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Sindh’s fiscal failure

The budget documents show the Sindh government’s failure in resource mobilisation, controlling revenue expenditure, effectively utilising development funds and proper development planning

Sindh’s fiscal failure
House in disorder. — Photo by Sabir Mazhar

Budgets over the years have lost their luster for public and have been reduced into an official outpouring of lifeless digits. A public finance document of paramount importance that has profound impact on everyday life of citizens has been degenerated into an annual ritual.

A combination of parochial political whims and bureaucratic chicaneries, the exercise is no longer reflective of public aspirations and development priorities. After 18th Amendment and 7th NFC Award, provinces were handed over newly-devolved subjects, allocated relatively more finances and equipped with new opportunities of mobilising resources through sales tax on services and foreign loans. However, federal transfers are still a major source of provincial consolidated fund.

Disbursement to provinces through divisible pool is contingent upon receipts of federal government which mainly relies on the FBR’s tax collection. Sindh still has 80 per cent dependency on federal receipts. Out of total estimated receipts of Rs600 billion in the next financial year, the province shows an internal target of only Rs125 billion. The government of Sindh attributed lower releases for development projects to a purported sizeable cut in the NFC share by the federal government. The amount was projected to be 60 to 80 billion rupees.

However, according to budget documents, Sindh received Rs388.6 billion against an estimate Rs409 billion i.e. 20.4 billion rupees less which amounts to five per cent. A fact that has been cloaked is that the provincial government actually failed to meet a target of its own provincial non-tax receipts. Out of an estimated 28.8 billion, the provincial tax machinery could barely mobilise Rs10.8 billion which marked a deficit of more than 62 per cent. This indicates poor performance on part of the province. On top of that, an ambitious target of Rs18 billion has been fixed for the next financial year.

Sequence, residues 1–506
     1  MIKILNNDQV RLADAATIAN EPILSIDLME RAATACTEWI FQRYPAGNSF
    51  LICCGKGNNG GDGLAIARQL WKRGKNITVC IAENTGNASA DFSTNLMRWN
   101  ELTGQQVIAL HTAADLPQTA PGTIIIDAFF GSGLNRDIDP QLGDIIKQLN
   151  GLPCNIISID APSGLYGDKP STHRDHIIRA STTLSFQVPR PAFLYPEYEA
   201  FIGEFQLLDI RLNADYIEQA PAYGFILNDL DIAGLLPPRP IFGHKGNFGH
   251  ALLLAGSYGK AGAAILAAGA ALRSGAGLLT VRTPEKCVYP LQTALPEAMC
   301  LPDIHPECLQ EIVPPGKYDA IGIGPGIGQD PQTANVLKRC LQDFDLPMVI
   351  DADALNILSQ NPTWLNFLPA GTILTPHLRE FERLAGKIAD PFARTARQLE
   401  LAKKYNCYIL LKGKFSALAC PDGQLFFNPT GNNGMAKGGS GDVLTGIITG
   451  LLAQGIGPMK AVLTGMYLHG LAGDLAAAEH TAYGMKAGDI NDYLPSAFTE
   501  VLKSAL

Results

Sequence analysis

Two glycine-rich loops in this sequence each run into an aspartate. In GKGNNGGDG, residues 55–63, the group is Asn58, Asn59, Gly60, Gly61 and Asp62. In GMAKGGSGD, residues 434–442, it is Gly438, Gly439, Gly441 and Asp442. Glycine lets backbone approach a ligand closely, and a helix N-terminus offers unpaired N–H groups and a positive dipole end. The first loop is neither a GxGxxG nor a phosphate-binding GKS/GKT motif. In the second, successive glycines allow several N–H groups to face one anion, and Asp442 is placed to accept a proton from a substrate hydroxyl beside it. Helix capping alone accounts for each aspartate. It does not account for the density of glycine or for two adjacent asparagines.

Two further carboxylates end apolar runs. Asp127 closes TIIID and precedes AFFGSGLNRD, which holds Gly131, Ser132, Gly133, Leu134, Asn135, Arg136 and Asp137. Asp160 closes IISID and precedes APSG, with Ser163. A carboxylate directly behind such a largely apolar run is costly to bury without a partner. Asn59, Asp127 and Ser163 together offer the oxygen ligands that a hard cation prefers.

What is more perplexing is that the Sindh government remained completely cavalier of the lurking deficit and did not rein in its current revenue expenditure which swelled from an estimated Rs356 billion to Rs368.4 billion. In the wake of less than estimated receipts, a prudent strategy should have been of tightening the belt but the provincial government went on a reckless spending spree.

While the Sindh government was callously profligate in draining tax payers’ money, it was astoundingly stingy in development spending. Its perennial howling of non-availability of resources for development is exposed by its own data which reveals that the revised estimate reduced it to only Rs115 billion out of promised Rs185 billion. The actual spending is probably less than Rs100 billion.

In a meeting of Sindh Cabinet held in the last week of February, the development expenditure was reported at hardly Rs50 billion, which implies that another 40 to 50 billion rupees were spouted during last four months of the year. Much of such a torrential spending is bound to find its ways into private coffers.

Annual budget statement provides a revealing picture of misplaced priorities of the government of Sindh. The document provides ample evidences that provincial resources are poorly managed and in some cases whimsically funneled. Extravaganza under the head of Broadcasting and Publishing is a pertinent example in this context. The budget head was allocated 953.9 million rupees but the revised estimate was inflated to Rs3,707 million, which is 326 per cent higher than the actual allocation. This amount was evaporated for party and government publicity at the expenses of public exchequer.

The party has remained obsessed with full page coloured advertisements and paid-time promos on tv channels to launch its budding leadership. Rather than repenting this gulping of tax payer money, the government has allocated even higher amount of Rs4,348 million for the next year. Such plunder of paltry development resources for the sake of an ostentatious party promotion shows how much the provincial government is responsible to its subjects.

A province where half of the population breathes below poverty line, spending billions on party promotion is an act of apathy, least to say. Another glaring example of misplaced priority is spending in the Irrigation Department. The shabby canal irrigation system was allocated Rs1,948 million but the actual spending was only Rs186.9 million. In the same department, administrative expenses remained Rs9,099 million against the allocated Rs7,000 million.

Vandalised by frequent floods in recent years, the canal system needed more judicious spending rather than increasing administrative expenditure which reeks of corruption of all kinds. Similarly, releases of development budget for environment department remained only Rs1,693 against the budgeted Rs2,402 million. The province faces a plethora of environmental issues but the newly-devolved and a fund-starved department was not able to utilise the available meager budget.